Cocos Island, just off the coast of Costa Rica, is home to a variety of sharks. Underwater explorer Jeff Rotman spent thirty days photographing hammerheads, silvertips, whitetips, tiger sharks and silky sharks. Cerullo offers interesting facts about each shark and describes how Rotman takes his dramatic pictures. Included is a photo of a shark without its fins to urge readers to protect this vital predator.
Other books in the Shark Expedition series are:
July 15, 2015
Dive: My Adventures In the Deep Frontier
by Sylvia A. Earle
Oceanographer Sylvia Earle talks about her life and work in this attractive, photo-filled book. Kids will be fascinated to learn about her research on whales and coral reefs, her stay in an underwater laboratory, and her work in deep ocean submarines. Her book ends with a plea to conserve the marine environment.
An excellent introduction to the ocean world.
July 13, 2015
Manfish: A Story of Jacques Cousteau
by Jennifer Berne
illustrated by Éric PuyBaret
A poetic biography of Jacques Cousteau and his life in the sea, Berne's book is filled with magic and wonder. A fold-out spread dramatically illustrates the ocean's depths.
The Fantastic Undersea Life of Jacques Cousteau
by Dan Yaccarino
Yaccarino's retro drawings perfectly capture the amazing world under the sea, as does the book's large format presentation. Cousteau's story is told in simple, clear prose, making his achievements easily understandable for ages six and up. Cousteau's character is further illuminated through his actual words, which may be found on several pages.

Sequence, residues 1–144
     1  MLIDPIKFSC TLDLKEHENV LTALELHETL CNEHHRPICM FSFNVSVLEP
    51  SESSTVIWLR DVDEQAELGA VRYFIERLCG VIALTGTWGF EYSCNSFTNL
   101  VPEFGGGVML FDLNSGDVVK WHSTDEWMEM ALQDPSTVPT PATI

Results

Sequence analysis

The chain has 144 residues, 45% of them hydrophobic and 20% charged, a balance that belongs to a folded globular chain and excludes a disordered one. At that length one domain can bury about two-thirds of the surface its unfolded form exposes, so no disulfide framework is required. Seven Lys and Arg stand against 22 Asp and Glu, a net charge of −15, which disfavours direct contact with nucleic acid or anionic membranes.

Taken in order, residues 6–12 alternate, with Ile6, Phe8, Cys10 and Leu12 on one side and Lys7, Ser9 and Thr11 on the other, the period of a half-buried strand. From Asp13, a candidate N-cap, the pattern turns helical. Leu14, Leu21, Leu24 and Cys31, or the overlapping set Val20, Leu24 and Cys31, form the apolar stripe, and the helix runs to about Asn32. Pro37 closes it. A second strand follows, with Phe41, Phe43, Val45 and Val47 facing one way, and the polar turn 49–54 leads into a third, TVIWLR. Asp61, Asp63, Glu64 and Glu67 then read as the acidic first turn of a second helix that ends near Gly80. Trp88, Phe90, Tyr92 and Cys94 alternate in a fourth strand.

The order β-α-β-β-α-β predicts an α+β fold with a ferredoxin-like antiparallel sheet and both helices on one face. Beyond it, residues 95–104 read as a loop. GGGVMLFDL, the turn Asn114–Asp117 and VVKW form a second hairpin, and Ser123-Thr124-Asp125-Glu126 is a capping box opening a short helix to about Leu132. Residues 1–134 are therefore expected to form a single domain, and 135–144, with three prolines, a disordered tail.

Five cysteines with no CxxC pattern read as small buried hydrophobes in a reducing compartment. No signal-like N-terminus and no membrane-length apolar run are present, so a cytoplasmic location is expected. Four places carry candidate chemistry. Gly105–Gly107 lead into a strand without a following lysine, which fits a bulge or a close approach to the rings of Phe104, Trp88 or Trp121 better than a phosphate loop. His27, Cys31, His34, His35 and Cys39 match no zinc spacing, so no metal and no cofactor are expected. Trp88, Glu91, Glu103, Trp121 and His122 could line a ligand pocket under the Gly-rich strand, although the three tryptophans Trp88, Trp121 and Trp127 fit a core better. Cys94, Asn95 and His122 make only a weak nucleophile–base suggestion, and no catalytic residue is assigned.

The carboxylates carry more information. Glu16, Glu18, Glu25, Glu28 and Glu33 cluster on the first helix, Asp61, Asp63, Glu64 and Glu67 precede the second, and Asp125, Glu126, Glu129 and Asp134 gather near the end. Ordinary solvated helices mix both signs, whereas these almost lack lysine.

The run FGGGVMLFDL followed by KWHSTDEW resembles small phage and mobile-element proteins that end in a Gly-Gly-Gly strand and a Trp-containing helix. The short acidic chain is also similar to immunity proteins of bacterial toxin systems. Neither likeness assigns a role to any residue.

A very attractive book.
July 10, 2015
Secrets Underground: North America's Buried Past
by Elizabeth MacLeod
Surprising secrets are revealed in MacLeod's intriguing look at the world beneath our feet. Who knew that San Francisco was built on top of sailing ships, that criminals were hiding in Saskatchewan tunnels, or that vital war machinery existed beneath New York's Grand Central Station?
MacLeod begins rather slowly with the discovery of a lost city in Mexico, but subsequent chapters on war caves and secret bunkers will soon have readers enthralled. Colour and black-and-white photos add visual interest though some are a little on the small side. But the stories are fascinating and do a good job of capturing bygone eras and moments of history.
A very interesting book.
July 8, 2015
Exploring Caves: Journeys into the Earth
by Nancy Holler Aulenbach and Hazel A. Barton
Join Nancy and Hazel as they descend into the ice caves of Greenland and the underwater caves of Mexico's Yucatán Peninsula. Their enthusiasm for caving is infectious as they describe their adventures, their backgrounds, and their inspirations. Full-colour photos add to the wonder.
An excellent book to fuel interest in science.
July 6, 2015
Hidden Worlds: Amazing Tunnel Stories
by Debora Pearson
art by Tina Holdcroft
Did you know that there's an underground church made of salt? Or that tiny trains once ran under the streets of Chicago? Visit these hidden tunnels and other secret passages in this amusing thirty-two-page book. Decorated with cartoon characters and quips, this is a lively read that will intrigue ages five to eight.